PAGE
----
On our way out, the scenery was much different and more beautiful, at least to me, because of the time of day. The vividness of the spring colors really grabs your attention when the sun is shining bright.

After we passed back through the previous days terrain, we headed up a new trail toward Bench Lakes, so named because there are several lakes that rest on the side of a mountain each one progressively higher than the other. Sadly, we didn’t see anything like I’m sure you are imagining. The trees surrounding the lakes were enough that we really weren’t aware we were on the side of a mountain at all.

On our way to the Bench lakes, we walked along a large mountain lake called Redfish. The name comes from the endangered sockeye salmon that used to inundate the lake with their red bodies. The waters no longer shimmer red with the color of the fish, but they can still be seen there today.

Our journey was interesting to say the least. After climbing up what seemed like an endless ascent through the dry foothill forest, we finally reached the top of the knife ridge. To our left (east) we had a gorgeous view of Redfish lake, which was nearly straight down. And to our right (west) the mountains we were headed for.

The ridge trail trek was about 2 to 3 miles long, briefly descending into a gentle valley with a trailside creek, and then we started up again. This time it was on the nearly treeless face of the mountain we were to camp on. This last part of the trek was the hottest and most dry, but it was free from bugs and there was a little puff of a breeze from time to time.

As we climbed higher and higher, the view got better and better. And I think our energy got lower and lower. Of course I was fueled by excitement for the trip, but even that can run out eventually. At least we had good reasons to stop and rest: the scenery was too good to pass by and not take a picture!

Shortly after our last photograph of the surrounding mountains, we reached a turn in the trail and headed into the trees. Just a few hundred yards ahead lay a lake. We had made it! We thought that surely we would find a place quickly and set up camp, but to our surprise there were already quite a few campers there already. Most of these people were choosing to ignore the wilderness rule of camping at least 100 feet from the nearest water and instead were directly beside the lake. I suppose we might have been tempted to do the same if there were any good spots available, which there weren’t. We spent the next hour hiking around in circles trying to find a place that was free from snow, boulders, saplings and was somewhat level. When we finally got that accomplished it was time for some food! And time to go through the rigors of tying the food bag up in a tree. We made it, with even more difficulty, but no harm done. This was what we signed up for, right?

The only shot of the lake, barely.

When we finally lay down for the night, we opted to keep the rain fly off so that we could see the stars. While it wasn’t the most spectacular starry night I’ve ever seen, it was still worth the effort. Lying beneath towering trees watching the stars slowly appear in the ever dimming night sky is a treat not often enjoyed in our modern, city-oriented lives.

As we lay dozing off, relishing the bliss of clean air and silence all around, our silence was intermittently perforated by bumping and thudding and a sort of ‘whoosh’ sound. I was concerned about bears, but the sounds just didn’t seem right. I tried to remain calm and go to sleep but it was so difficult. I think it was Sylvia who sat up to have a look around at what was making these noises. To my great relief, it was only passing deer. We had inadvertently set up camp near a busy deer trail, probably leading down to the lake. We were interrupting their evening drink, and I suppose as they smelled us they would stamp and snort to alert others before moving away.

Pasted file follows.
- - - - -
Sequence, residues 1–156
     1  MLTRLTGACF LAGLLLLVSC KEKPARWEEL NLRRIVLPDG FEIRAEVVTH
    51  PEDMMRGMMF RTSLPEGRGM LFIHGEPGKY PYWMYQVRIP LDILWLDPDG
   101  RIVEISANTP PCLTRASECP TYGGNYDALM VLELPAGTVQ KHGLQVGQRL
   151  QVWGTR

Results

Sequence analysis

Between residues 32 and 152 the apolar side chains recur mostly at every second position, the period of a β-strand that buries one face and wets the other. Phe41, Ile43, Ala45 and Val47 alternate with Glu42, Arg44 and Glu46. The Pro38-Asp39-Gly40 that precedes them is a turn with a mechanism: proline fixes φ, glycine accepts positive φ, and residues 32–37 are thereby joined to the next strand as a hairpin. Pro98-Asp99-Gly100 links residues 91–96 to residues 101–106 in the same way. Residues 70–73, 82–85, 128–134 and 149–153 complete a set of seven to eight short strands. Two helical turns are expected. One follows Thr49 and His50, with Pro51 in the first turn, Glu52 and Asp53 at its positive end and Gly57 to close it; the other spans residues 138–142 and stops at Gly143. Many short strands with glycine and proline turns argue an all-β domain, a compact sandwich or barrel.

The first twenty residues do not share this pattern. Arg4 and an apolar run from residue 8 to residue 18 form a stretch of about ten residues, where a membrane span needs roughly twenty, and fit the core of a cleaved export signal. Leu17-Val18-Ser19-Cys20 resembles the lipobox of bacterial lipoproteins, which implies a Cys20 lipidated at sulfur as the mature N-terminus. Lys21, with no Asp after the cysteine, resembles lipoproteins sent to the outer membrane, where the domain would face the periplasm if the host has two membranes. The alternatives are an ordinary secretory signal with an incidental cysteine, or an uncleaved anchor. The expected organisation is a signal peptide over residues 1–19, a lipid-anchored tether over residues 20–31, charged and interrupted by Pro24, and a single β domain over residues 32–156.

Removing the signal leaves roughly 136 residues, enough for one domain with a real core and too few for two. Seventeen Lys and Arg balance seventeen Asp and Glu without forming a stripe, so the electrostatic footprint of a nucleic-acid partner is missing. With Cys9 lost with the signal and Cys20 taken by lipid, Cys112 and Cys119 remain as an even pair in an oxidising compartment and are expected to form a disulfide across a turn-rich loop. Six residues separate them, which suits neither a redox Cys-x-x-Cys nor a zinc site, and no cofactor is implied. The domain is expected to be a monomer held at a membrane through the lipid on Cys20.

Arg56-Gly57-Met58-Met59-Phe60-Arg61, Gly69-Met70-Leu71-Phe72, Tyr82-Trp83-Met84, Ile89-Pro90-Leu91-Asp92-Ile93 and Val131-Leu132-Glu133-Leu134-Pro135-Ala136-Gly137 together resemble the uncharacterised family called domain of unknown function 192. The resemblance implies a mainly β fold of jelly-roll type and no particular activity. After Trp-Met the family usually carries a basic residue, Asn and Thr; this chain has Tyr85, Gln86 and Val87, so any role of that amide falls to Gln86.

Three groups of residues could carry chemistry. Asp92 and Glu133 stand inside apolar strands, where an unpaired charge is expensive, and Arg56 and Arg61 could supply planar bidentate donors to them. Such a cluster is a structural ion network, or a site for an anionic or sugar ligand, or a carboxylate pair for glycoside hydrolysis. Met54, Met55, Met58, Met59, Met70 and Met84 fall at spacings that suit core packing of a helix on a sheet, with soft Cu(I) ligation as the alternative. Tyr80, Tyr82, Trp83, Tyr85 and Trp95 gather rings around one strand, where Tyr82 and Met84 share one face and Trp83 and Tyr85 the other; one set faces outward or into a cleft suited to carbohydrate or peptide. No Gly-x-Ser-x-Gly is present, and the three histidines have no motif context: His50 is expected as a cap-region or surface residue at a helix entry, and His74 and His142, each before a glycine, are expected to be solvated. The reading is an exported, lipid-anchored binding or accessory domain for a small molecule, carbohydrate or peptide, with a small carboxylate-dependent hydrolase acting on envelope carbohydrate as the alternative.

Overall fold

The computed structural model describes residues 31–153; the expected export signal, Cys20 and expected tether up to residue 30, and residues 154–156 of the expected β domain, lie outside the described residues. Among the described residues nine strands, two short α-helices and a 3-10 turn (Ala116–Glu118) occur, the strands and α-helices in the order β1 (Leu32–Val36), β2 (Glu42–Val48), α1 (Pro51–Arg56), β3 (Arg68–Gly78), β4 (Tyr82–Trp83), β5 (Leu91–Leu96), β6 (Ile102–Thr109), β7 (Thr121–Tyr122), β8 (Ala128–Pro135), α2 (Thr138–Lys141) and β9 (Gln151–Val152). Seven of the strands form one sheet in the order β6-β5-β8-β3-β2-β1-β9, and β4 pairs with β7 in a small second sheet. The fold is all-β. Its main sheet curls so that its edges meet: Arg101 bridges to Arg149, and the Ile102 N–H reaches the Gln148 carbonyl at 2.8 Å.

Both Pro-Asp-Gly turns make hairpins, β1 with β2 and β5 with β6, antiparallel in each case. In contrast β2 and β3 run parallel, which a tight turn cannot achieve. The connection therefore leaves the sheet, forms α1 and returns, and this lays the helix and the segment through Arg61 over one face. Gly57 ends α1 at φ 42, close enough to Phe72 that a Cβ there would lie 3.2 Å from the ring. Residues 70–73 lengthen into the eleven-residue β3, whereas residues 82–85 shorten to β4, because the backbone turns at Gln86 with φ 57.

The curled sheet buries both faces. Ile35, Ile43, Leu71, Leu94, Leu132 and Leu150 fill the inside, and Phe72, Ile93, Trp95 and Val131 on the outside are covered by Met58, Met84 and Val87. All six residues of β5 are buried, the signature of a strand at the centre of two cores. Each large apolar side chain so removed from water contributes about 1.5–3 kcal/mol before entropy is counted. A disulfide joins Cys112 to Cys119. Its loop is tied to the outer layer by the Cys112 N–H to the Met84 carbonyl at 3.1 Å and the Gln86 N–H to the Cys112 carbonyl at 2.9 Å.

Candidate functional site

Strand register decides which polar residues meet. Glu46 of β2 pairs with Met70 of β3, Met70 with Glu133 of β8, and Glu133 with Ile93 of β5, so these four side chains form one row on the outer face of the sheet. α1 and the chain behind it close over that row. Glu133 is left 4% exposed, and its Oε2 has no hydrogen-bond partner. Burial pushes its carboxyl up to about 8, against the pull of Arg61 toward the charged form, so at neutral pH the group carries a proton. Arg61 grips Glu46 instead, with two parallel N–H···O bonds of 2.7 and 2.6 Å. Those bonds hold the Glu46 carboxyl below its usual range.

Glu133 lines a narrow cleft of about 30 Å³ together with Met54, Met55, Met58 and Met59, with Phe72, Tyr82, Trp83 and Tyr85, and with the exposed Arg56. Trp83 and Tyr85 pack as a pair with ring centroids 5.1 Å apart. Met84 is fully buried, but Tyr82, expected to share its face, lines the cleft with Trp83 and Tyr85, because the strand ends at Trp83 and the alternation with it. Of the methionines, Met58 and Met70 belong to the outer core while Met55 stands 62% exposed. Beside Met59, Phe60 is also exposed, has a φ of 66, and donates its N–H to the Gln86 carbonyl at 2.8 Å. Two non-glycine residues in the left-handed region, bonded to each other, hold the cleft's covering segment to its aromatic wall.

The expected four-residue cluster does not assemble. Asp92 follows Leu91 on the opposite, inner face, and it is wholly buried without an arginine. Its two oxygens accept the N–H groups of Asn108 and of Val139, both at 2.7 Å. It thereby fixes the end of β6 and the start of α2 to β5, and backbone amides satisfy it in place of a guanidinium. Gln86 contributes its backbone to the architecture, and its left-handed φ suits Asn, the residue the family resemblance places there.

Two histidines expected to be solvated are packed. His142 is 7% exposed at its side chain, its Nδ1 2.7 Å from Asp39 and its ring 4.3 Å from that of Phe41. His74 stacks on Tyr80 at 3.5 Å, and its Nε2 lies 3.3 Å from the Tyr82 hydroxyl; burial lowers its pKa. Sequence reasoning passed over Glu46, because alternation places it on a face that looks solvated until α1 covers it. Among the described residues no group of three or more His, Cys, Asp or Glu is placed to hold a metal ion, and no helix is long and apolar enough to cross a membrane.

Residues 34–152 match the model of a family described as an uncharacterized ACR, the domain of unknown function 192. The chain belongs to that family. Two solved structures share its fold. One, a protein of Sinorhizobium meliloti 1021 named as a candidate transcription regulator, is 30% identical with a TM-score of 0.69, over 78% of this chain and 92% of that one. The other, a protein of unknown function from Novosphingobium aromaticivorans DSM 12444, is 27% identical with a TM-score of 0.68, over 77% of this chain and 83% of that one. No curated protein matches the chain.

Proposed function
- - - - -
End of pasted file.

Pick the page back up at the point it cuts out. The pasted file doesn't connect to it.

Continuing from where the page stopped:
In the morning it was the same routine, and we decided to head home. Our first trip was a success, and we experienced both the beauty and the rigor of backpacking.

Summer is on the way, and we’re fully prepared to hit the highlands as soon as the snow will allow!

Happy trails!

Below are all all of the images from this trip, worth showing. There are a few repeats from above, but more than half are unique.

Oregon Road Trip

Sylvia and I went on a road trip to Portland, Oregon to see her mother. (Actually, she lives in Vancouver, WA but it seems like more people know where Portland is. That, or they get confused between Vancouver, WA and Vancouver, BC.) Along the way I had to stop at the overlook. It is really very high above the valley, but the conditions at the time and the lens I used really didn’t let that part of the story come through.

There was skinny trail through the grass leading off to who knows where, but all I could do was point my lens and make a photograph. I didn’t have the time to follow my nose.

We didn’t do a whole lot, but one of the fun things we did was to visit the Portland Chinese Garden. It was really very beautiful, even in the autumn. It was a cloudy day so I didn’t photography much worth showing. The lanterns were very cool, and the floor mosaics all over were amazing. Each of the different areas had a different theme, story, or meaning. The photograph of the large area with the jagged floor mosaic represents ice and the dark spots are berries or flowers. I’ve forgotten so much! It was either ‘winter’ because of the ice, or ‘spring’ because of the breaking up of the ice, and the flowers.

*I cannot sell any of the images from the Chinese Garden without special permission as everything inside is copyrighted.